Winter 2018–2019 was particularly difficult in Quebec.
Several damages have been observed by building owners due to the snow load on the roofs.
Damages extended from simple cracks in the gypsum finishing of the ceilings to the partial collapse of the roof’s structures all the way to the complete collapse of the building.
This winter was characterized by numerous rainfalls followed by sudden freezing temperatures within only a few hours. This pattern happened mostly between mid-February to the beginning of April. During this time period, the rainwater would infiltrate the existing snow on the roof’s of the buildings. However, not having enough time to evacuate, the water would freeze at different levels in the snow built-up. The snow density on the roofs would then increase becoming an ice and snow mix.
During a “normal” winter, the snow that falls onto a roof is partially swept away by the wind. A reduction factor is applied during the design process in order to consider the wind gusts effect on the roofs (default 0.8). The roofs shape, the type of sheathing, and the slope of the roof, are also considered when calculating the roof’s snow load with the National Building Code of Canada. However, this winter, snow was denser than usual (and therefore was less swept by the wind); which increased the roofs’ snow load.
Were the design loads of the National Building Code exceeded?
During several forensic investigations, especially when we had access to the building a few hours after the damage occurred, we measured the snow load on the ground (or on a part of the roof that was not affected by the collapse) to validate if the measured load was more than the design load. We were then able to conclude that, that the measured snow loads were rarely greater than the design loads required by the National Building Code.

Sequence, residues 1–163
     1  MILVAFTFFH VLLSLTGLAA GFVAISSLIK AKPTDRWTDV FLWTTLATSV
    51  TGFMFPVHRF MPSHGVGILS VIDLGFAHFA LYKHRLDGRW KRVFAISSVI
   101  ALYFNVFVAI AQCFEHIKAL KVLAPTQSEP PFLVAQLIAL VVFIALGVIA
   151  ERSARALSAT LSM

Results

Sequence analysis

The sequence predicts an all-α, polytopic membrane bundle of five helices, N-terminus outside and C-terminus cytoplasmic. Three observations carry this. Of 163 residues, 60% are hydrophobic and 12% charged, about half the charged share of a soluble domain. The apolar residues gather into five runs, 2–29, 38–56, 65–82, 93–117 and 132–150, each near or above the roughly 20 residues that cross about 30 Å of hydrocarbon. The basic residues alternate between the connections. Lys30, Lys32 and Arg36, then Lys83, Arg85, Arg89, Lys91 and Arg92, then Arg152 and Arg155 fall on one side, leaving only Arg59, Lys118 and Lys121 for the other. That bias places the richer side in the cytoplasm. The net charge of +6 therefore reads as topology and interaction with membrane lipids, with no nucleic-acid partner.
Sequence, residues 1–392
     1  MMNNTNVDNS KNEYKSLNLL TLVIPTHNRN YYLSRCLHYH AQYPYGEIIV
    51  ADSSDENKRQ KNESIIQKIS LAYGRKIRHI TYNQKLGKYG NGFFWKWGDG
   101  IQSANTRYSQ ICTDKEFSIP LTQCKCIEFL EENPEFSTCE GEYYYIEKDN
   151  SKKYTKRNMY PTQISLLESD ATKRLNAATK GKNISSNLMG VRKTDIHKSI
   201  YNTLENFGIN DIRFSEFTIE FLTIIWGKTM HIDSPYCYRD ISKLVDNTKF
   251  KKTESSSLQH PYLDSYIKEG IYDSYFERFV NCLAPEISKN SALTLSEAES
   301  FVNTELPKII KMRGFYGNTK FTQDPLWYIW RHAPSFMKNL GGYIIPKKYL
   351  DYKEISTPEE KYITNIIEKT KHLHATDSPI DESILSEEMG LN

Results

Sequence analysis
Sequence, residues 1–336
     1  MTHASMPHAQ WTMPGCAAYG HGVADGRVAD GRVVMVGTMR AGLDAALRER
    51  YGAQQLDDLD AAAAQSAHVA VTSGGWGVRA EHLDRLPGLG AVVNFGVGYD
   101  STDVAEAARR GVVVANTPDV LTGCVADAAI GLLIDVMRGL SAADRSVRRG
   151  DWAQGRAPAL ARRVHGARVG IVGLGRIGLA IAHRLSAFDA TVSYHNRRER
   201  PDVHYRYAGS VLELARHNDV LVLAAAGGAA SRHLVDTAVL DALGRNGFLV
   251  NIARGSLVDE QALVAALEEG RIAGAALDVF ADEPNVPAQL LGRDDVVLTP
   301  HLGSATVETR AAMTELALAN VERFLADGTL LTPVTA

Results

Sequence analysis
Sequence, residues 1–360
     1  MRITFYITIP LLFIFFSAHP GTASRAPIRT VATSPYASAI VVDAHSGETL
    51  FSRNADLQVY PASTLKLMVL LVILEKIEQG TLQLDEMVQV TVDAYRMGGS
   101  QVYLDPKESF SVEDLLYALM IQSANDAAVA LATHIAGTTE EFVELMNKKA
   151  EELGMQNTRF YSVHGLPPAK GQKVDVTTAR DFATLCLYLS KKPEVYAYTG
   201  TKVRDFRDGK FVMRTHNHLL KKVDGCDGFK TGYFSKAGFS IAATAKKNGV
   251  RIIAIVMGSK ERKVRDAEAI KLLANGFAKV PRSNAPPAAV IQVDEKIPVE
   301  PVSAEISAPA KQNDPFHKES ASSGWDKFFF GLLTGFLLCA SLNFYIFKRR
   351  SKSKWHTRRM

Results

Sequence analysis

We noticed construction defects and/or gradual structural damages on several buildings when the design load was not exceeded.
Several farms and commercial buildings’ roofs collapsed during winter. These buildings usually have big surface areas and their roofs are composed of prefabricated wood trusses.
During the installation of the wood roof trusses, the installation of the following two elements are required between the roof trusses to ensure an accurate structural resistance of the roof:
- Continuous support perpendicular to the members in compression according to the manufacturer plans (red arrow in figure 1);
- A diagonal support to brace (lock) the continuous support mentioned in point 1) (blue arrow on figure 1).
Figure 1—Example of a continuous and diagonal support
One element does not go without the other. In the absence of diagonal bracing, the continuous supports are useless. While the diagonal support is absent or partially installed, the dimensioning of the roof trusses are no longer valid. The installation of the continuous support and their bracing is fundamental for the structure’s integrity of a roof structure.
During the previous winter (2018-2019), we repeatedly observed the absence of one or the other of these elements.
During a rupture, the compression members buckled (cambered) and broke because of a gravitational load caused by the snow that was probably more then in the preceding years due to the particular winter conditions (see figure 2).
Figure 2—Breaking of the wooden roof trusses chords without continuous connections
In conclusion, the snow load accumulated on the roofs were not exceptional as per the National Building Code in most investigation cases. The buildings would not have undergone damages in the absence of construction deficiencies. In a buildings structural collapsing case, a forensic investigation could identify the construction deficiencies, and eventually, allow you to assert your rights.
Do you have questions? Contact the author!